Semifinals: Darien Elderfield (Ad Nauseam combo) vs. Michael Malone (Elves)

Posted in Event Coverage on June 14, 2015

By Corbin Hosler

Darien Elderfield’s run was one of the major stories of the tournament, with his Ad Nauseam/Phyrexian Unlife/Angel’s Grace combo deck storming through Day 1 undefeated and confounding opponents all along.

The deck aims to cast either Phyrexian Unlife or Angel’s Grace to guarantee it won’t lose the game before following with Ad Nauseam, which allows the pilot to draw their deck and then win with Lightning Storm with protection from Pact of Negation.

As complex as Elderfield’s deck was, on the other side of the table sat one of Magic’s most basic concepts: casting small mana Elves and turning them sideways. And while it may not look like much, there’s a lot of hidden power in those forests. With cards like Chord of Calling and Ezuri, Renegade Leader to dump all that mana into, Malone could end games in the blink of an eye.

The Games

Malone admitted to feeling like an underdog heading into the match, and a first-turn suspended Lotus Bloom from Elderfield was enough to put the green player immediate on the back foot.

A Phyrexian Unlife followed for Elderfield, and the combo player looked prime to go off, especially after he used two Pact of Negation to counter first a Chord of Calling and then an Elvish Archdruid to buy more time.

But with his defenses down, Malone used the opportunity to resolve the trump card he’d been holding all along: Reclamation Sage. It destroyed the Phyrexian Unlife and Elderfield’s chances at the same time.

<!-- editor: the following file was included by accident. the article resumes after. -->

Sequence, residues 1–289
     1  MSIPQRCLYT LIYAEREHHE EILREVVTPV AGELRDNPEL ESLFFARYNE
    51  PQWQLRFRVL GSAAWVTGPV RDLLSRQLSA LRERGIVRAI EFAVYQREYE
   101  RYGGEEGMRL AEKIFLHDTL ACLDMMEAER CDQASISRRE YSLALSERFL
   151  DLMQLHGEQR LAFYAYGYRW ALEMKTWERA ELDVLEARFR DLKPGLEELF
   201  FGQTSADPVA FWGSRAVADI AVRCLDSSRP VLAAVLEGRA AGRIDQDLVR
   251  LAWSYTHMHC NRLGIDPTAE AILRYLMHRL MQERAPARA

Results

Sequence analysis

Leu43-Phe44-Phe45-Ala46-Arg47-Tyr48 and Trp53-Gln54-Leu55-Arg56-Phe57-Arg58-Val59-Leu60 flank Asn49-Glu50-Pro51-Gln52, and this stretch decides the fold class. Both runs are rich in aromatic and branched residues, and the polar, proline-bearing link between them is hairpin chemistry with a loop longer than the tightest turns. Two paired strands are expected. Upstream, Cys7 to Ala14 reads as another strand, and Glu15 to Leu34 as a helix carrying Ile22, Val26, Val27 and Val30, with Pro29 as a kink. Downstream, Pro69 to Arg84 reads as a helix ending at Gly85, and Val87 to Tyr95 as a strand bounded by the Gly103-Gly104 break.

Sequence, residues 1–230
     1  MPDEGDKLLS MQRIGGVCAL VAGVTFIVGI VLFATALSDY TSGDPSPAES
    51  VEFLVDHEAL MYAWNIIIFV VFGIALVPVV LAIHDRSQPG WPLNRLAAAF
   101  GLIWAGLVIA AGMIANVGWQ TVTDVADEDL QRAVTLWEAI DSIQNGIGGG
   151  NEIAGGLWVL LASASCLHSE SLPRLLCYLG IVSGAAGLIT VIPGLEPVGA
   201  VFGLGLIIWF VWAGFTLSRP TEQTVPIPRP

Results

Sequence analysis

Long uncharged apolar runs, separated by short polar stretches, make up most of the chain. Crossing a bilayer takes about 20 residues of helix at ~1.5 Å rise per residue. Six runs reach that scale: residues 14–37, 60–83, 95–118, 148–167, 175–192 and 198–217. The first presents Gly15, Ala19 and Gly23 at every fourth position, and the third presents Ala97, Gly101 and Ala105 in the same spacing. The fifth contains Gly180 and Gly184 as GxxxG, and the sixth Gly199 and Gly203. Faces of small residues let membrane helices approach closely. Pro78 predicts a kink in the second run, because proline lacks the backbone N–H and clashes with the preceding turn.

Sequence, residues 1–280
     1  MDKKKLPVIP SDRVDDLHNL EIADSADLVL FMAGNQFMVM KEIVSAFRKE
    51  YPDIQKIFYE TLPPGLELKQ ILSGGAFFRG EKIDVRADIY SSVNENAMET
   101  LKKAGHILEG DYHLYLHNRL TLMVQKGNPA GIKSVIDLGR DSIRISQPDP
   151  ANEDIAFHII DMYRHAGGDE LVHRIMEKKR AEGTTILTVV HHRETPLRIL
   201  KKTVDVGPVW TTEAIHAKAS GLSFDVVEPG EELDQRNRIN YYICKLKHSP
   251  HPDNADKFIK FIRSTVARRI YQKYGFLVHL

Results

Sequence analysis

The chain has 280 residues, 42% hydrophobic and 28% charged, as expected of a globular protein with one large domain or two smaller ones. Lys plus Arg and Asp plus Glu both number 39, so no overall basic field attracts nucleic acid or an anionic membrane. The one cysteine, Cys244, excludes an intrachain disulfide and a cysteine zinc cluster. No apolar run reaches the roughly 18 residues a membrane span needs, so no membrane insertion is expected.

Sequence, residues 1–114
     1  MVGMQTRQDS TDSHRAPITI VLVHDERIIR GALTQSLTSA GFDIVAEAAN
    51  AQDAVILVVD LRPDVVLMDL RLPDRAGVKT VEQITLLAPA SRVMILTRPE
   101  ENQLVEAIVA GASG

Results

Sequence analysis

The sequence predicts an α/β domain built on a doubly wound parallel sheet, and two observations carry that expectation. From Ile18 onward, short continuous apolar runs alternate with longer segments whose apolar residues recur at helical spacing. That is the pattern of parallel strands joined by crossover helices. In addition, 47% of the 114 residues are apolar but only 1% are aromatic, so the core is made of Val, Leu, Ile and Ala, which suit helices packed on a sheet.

Malone (right) stares down his combo opponent’s board, planning out how to best prevent Elderfield from assembling the pieces he needed.

Malone 1, Elderfield 0

Malone’s deck aimed to be as streamlined as possible in the first game and as interactive as possible after sideboarding, something that was made clear when he played a Burrenton Forge-Tender on the second turn, putting a buffer between himself and death by Lightning Storm.

Elderfield had a plan. With a Repeal in his hand to eventually deal with the Forge-Tender, he cast Phyrexian Unlife to prep his big turn and put the pressure on Malone.

Malone was ready for it. He attempted to destroy the Unlife with Reclamation Sage, and in response Elderfield attempted to return it to his hand with Repeal, confident he could handle the Burrenton Forge-Tender if only he were able to draw his entire deck.

But it wasn’t to be. Malone followed up with Beast Within to destroy the Phyrexian Unlife for good and sent Elderfield to the edge.

Still — hanging on at 4 life — the combo player had a plan. He cast Spoils of the Vault and named Angel’s Grace. It was a desperate play, but as Elderfield put it, if the named card wasn’t in the top four he wasn’t going to win anyway.

Four cards later, the players had their answer. Angel’s Grace didn’t turn up, Elderfield’s life dropped to 0 and he extended his hand to the Elves player.

Malone 2, Elderfield 0

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